Effectively manage your redesign process

Planned updates, regular reviews, and constant maintenance are the key to a successful website or app. Do not procrastinate on redesign—waiting too long can have a negative impact.

Managing and maintaining an effective website is hard. Technology evolves. Organizations grow (or shrink). Users come and go. The website that you designed a few years ago might not work well now. But redesign is a lot of work. So, you might have changed a few things here or there. You might have added a couple of features. You probably did just enough to increase your sales or increase your signups without doing too much extra work. You and your co-workers put off the redesign project until the issues get too hard to ignore. However, by then, it might be too late—you might be too busy to take on an arduous design project. When many designers get to this point, they have no choice but to turn to an outside agency. Ouch.

Effective redesign doesn’t mean you have to do everything at once. A large project can overwhelm your resources and create something that’s too big to tackle in a reasonable amount of time. If you approach redesign this way, something or someone will ultimately lose. Equally important objectives will have to compete to get the full attention they deserve.

At huge, bureaucratic companies, resource and budget allocation are so heated and so politically charged that it is nearly impossible to get something you want done without making a huge fuss to get it. A site manager might have to renegotiate their budget for the next 5 years to get adequate funding. By making such a huge deal of it, you bring on the unwelcome effect of promising that this redesign project is the answer everyone has been looking for—and that’s a lot of pressure.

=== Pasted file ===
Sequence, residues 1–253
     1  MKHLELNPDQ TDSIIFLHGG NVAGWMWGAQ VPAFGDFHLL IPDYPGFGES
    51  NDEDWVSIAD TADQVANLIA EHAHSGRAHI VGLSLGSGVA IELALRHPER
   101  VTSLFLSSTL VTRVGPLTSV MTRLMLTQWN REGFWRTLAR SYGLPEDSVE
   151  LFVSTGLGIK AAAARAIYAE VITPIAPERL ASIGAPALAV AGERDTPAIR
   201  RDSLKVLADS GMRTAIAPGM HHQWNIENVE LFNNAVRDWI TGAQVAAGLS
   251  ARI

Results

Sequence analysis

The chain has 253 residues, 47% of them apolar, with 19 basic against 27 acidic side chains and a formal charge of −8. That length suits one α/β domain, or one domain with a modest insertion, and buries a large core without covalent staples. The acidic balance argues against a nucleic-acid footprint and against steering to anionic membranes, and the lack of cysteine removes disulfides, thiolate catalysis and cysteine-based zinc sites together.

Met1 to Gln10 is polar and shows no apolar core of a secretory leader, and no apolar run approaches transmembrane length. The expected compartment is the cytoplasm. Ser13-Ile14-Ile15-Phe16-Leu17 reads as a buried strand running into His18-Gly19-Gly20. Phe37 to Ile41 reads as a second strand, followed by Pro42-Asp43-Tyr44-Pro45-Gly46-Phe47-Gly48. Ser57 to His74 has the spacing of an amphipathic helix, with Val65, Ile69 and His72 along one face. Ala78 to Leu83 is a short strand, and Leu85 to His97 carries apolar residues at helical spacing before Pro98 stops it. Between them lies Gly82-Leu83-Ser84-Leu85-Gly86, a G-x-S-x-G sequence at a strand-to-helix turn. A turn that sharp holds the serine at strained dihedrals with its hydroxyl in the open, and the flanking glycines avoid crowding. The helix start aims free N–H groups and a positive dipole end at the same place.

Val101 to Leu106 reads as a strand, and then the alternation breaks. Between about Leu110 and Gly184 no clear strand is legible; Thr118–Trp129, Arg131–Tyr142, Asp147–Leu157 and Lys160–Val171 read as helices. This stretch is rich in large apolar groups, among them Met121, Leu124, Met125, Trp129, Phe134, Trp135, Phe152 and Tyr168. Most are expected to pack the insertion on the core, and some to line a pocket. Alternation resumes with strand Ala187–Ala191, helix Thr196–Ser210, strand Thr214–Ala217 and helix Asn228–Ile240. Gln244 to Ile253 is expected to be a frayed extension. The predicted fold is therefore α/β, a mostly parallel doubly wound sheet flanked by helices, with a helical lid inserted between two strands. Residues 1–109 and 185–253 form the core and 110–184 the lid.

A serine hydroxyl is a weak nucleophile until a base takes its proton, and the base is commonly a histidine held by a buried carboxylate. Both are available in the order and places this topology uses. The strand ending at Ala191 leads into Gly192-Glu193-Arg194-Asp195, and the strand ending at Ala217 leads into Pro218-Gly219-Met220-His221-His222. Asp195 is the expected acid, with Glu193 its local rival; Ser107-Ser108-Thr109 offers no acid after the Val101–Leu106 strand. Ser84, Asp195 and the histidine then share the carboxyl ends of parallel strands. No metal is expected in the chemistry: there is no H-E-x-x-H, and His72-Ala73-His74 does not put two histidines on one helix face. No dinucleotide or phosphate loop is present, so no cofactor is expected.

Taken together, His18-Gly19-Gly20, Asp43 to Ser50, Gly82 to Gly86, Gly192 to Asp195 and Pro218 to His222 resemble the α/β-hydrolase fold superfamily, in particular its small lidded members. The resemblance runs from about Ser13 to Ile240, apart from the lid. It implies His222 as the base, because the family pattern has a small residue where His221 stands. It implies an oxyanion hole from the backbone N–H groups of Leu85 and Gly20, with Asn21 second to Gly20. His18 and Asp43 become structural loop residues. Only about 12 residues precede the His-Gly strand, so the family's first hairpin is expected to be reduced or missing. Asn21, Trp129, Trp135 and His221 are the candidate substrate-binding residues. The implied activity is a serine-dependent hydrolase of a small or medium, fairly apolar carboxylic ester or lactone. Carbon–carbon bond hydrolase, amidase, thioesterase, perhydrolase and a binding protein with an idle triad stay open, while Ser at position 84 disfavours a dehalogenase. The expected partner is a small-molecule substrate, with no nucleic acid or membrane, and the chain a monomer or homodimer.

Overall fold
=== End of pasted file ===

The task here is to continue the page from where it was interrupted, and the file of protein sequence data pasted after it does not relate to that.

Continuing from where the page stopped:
When you only have one chance to “make things better,” critical pieces of the design process will inevitability get lost. Sometimes the only way to move forward is to defer redesigning the application or website so the impact can be realized by the organization, silencing any critics of “if it works, why change it?”

Massive redesign usually ends when the deadline hits and the money runs dry. If you plan ahead, you can avoid the tension and friction ahead of time by splitting up tasks at the project level. Create individual projects for each aspect of your site—content, backend, visual design—as equally important objectives on a timeline. By focusing on a single priority at a time, you’ll keep each step manageable and observable.

Don’t allow your redesign attempts to become a massive single project that targets only one objective. Don’t set yourself up for failure by promising to address every single risk at one time. You might be able to do it—but you won’t be able to do it well. Focus on one priority at a time—you’ll find that some problems might even fix themselves. And you’ll save yourself a lot of unnecessary stress in the process.

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